What the Cool Kids are Doing

July 31, 2006 at 2:44 pm

While some teens are wasting their time playing the choking game this summer (or is that last summer?), others are immersing themselves in conservative culture.

The New York Times reports,

Young people with old books is a common sight on the conservative circuit, and perhaps a growing one. While the movement has long sought to transmit its intellectual heritage to its young, that mission shows signs of new urgency amid fears of ideological drift.

Everywhere young conservatives turn there are conferences, seminars and reading lists that promote figures from the movement’s formative years. Along with Kirk, they include such canonical names from the 40’s and 50’s as Friedrich A. Hayek, Frank S. Meyer, Milton Friedman and William F. Buckley Jr.

The entire article is worth a read.  Its main flaw, however, is its focus on what could be called “mainstream” organizations.  The real fun is in the camps and organizations that fly under the radar–like this Randian camp for kids. 

Camp Indecon offers opportunities and experiences unlike any other summer camp.  For example:

Last year, we had a fifteen-year-old girl with a Catholic upbringing who came to camp for the first time. Turned out one of the sixteen year-old boys was very much attracted to her, and she to him, and one evening they got into a discussion in which he explained what Objectivism was.

Later, he won her heart with a compelling explanation of the Objectivist Center-Ayn Rand Institute schism.

–Larry Scholer

Urban Transformation

July 27, 2006 at 10:27 am

La Shawn Barber has thoughts on yesterday’s Urban Transformation conference at Heritage.

Moral Reconstruction: A model for urban transformation

July 26, 2006 at 1:33 pm

This afternoon I am attending a conference here at the Heritage Foundation focusing on inner city revival. The conference boasts a stellar panel and can be watched live here.

Heritage has teamed up with the BOND organization to host this conference. Below is a description of the conversation:

Our nation’s Gulf Coast Region continues to face serious and ongoing problems in the aftermath of Hurricanes Katrina and Rita. This Town Hall style Conference will focus on solutions to these vexing policy issues. Transformation of the human spirit, however, is a key ingredient, because the destruction of this spirit is at the heart of the great breakdown witnessed during and following in the wake of these natural disasters. Our conference will seek to outline options and identify solutions that could serve as a model for rebuilding, not only the Gulf Coast, but also for transforming America’s inner cities and urban areas.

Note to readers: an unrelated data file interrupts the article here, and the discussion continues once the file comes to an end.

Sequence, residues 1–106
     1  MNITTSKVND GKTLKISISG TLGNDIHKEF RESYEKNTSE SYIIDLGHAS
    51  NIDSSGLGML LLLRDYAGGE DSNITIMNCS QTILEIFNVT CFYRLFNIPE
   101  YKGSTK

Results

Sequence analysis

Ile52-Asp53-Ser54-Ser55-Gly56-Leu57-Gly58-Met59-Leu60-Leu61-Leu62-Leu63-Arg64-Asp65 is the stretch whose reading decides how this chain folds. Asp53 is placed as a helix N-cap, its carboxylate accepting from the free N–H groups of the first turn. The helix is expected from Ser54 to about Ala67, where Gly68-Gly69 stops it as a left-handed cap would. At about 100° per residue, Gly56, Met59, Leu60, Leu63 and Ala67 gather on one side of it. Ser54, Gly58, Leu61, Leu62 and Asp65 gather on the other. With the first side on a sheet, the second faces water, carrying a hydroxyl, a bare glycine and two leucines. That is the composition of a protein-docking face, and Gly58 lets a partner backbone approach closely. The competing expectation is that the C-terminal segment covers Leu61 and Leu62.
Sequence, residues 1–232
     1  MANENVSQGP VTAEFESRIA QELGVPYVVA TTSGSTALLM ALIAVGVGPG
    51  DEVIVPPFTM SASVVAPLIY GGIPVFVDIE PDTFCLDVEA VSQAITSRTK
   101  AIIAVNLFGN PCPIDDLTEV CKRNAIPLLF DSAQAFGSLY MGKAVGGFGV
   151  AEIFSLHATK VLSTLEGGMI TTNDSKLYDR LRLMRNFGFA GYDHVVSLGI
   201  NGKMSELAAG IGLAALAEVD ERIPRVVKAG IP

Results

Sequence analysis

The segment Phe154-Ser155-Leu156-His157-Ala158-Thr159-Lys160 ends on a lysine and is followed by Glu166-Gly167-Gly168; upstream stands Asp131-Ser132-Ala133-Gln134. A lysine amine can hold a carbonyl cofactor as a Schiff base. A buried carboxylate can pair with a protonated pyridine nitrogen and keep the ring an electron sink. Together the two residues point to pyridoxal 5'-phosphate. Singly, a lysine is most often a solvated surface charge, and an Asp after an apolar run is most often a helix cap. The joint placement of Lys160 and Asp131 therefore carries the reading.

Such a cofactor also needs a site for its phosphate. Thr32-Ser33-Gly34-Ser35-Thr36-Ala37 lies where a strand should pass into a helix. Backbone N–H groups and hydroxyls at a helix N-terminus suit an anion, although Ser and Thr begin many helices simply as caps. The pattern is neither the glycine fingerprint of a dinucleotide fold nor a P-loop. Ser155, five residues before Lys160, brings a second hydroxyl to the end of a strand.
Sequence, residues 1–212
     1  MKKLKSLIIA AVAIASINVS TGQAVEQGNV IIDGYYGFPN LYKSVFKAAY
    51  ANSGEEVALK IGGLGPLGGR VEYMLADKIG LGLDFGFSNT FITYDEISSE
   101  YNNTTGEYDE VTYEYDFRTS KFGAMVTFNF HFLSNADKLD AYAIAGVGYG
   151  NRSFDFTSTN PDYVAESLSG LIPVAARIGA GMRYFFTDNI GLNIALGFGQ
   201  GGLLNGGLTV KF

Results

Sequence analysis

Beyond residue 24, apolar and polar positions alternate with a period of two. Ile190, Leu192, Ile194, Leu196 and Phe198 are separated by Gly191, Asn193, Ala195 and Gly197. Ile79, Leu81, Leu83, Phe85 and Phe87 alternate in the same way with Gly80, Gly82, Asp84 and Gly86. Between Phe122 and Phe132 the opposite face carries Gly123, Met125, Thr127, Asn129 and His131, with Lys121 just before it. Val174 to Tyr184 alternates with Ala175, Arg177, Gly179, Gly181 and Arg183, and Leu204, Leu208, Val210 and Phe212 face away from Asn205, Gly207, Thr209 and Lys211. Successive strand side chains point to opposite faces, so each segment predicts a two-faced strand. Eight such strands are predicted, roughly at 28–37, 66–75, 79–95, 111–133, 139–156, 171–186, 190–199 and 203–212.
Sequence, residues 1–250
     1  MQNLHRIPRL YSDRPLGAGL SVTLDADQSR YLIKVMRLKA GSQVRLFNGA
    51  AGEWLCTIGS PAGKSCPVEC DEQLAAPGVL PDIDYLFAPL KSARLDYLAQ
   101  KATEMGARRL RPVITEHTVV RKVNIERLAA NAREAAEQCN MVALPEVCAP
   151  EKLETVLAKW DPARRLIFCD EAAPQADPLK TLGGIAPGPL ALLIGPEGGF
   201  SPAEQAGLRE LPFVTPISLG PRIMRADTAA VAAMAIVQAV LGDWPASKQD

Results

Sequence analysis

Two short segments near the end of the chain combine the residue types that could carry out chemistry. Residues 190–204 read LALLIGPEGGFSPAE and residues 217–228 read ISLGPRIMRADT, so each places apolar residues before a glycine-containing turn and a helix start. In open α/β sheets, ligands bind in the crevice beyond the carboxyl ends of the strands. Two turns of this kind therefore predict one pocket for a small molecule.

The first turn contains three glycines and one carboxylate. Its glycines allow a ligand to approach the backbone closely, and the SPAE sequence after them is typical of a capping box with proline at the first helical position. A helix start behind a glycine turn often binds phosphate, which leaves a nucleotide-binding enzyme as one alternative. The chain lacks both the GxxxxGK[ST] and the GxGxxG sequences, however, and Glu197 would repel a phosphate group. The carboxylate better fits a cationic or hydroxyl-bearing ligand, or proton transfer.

Updates and observations later…

Child Custody Protection Act

July 24, 2006 at 2:50 pm

As the Senate nears the start of debate on the Child Custody Protection Act — a bill that prohibits the transportation of minors over states lines for the purposes of having an abortion by anyone other than that minor’s parents — it is worth noting the amendments that will be put forward by opponents of the bill.

Senator Barbara Boxer has an amendment that would nullify the law in the case of incest. But the Boxer amendment fails to define incest and essentially creates a situation wherein a boyfriend could transport a minor across state lines for an abortion as long as said minor tells the doctor she is a victim of incest. The amendment might be less laughable if their was a requirement that the incest have been reported to law enforcement officials.

Boxer’s amendment also fails to acknowledge that the Child Custody Protection Act includes a judicial bipass mechanism that could waive the law in certain cases.

Senator Diane Feinstein is offering an amendment that exempts clergy from the law. Essentially, any member of the clergy could transport a minor across state lines for an abortion without notifying parents. That sure sounds nice, but anyone who wants to become a member of the clergy needs only to spend five minutes filling out forms online at the Universal Life Church. After that…presto…they are clergy and are no longer subject to this law.

Oliver Stone’s World Trade Center wins hearts of conservatives

July 21, 2006 at 11:42 am